He also said, ” In writing, you must kill all your darlings.”
He’s right. But you can do that in December. Now? Write, write, write!
“Writers are a little below clowns and a little above trained seals.” John Steinbeck.
Feeling a little like a clown? Are you writing every day? Reaching your goal? What would John think?
Been struggling with your writing goals?
Writing prompts can help trigger your thought and get you writing again when you are stuck. They can give you a new situation to put your character in or add fresh direction to the plot. Here are a few writing prompts to help you finish the month strong.
- Add this to a scene: a huge fire,
- Add an explosion somewhere in the scene. And remember–an explosion doesn’t have to be what you think at first. It might be something a little different.
- Use these words in your writing: crazy, half-baked, sympathy, score, jump, insinuate, love.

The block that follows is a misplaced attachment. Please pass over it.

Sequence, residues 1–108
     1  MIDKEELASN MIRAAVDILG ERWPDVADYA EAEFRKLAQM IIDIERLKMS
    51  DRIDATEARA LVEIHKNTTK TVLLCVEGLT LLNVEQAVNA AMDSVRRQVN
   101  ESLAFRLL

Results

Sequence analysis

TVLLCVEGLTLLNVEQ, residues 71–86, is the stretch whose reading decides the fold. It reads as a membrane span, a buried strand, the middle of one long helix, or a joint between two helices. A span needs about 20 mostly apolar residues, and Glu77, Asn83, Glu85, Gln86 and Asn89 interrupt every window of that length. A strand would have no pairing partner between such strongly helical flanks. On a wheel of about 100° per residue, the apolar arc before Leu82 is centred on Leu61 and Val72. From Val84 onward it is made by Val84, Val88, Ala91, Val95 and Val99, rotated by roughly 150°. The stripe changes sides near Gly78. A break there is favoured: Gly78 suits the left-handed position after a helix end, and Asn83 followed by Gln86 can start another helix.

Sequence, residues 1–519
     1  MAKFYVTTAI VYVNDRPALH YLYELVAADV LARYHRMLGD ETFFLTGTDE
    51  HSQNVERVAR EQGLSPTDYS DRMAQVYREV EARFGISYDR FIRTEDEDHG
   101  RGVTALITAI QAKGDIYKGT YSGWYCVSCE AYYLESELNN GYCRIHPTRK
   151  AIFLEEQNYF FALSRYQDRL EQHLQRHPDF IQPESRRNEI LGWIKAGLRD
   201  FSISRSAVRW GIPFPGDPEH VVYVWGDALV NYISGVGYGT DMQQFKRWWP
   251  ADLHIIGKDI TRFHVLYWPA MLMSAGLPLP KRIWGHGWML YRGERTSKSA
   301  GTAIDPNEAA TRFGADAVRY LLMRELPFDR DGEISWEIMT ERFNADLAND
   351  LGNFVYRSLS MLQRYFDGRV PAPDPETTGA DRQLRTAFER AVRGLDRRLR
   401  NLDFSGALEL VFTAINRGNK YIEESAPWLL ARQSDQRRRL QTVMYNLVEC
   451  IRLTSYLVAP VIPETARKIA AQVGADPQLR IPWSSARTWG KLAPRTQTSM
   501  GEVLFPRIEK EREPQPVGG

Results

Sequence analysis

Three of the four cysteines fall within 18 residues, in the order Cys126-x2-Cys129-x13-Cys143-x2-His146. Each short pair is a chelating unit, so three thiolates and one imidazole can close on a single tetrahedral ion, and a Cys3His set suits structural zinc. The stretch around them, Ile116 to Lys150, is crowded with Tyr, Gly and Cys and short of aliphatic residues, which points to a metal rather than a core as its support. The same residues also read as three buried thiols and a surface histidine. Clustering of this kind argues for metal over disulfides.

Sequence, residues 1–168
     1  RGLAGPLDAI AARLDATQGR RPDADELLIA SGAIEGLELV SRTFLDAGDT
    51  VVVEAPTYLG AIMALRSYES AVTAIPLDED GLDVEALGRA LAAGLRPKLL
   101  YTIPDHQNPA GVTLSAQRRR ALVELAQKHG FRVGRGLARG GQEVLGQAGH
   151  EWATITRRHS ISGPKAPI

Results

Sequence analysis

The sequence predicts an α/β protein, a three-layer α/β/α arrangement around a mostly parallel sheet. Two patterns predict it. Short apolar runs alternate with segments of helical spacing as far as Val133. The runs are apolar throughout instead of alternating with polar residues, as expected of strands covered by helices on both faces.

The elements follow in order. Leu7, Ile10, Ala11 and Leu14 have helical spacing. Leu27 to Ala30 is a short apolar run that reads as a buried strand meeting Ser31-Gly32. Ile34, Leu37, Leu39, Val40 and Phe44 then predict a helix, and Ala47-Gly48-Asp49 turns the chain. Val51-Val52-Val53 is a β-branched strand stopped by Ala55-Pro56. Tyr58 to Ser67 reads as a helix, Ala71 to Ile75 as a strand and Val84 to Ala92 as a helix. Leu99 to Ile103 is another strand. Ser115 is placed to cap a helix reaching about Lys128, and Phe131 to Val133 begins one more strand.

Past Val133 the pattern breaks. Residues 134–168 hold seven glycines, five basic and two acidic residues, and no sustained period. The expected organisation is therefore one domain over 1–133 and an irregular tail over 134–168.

- Let something terrifically good happen for your character as you write.
- Have your character meet someone new.
- Use something from the news in your writing.
- What is the worst thing that could happen to your character? Let it happen.
- One good kiss scene, that’s all we ask. Write it out. Have fun.
Have fun with the writing prompts.
It was a great week at WIFYR. Here are a few highlights.
Alyson Heller from Aladdin Books, an imprint at Simon and Schuster answers questions in the morning class taught by J. Scott Savage. I hear they had some “Savage Reviews” in that class.
Agent Steven Fraser charmed us all as he shared many insights on the publishing industry. He said in one morning workshop, “I can’t wait to get up [in the morning] and sell a book and get it into the hands of a child somewhere.”
And the lovely Ammi-Joan Paquette, our other agent, also shared precious tidbits of wisdom. She said, “Your best strength is going to be to tell the story only you can tell.”
Some conference attendees who wanted more time to critique and improve their craft participated in the Brown Bag Critique at lunchtime.
What was your favorite part of the conference?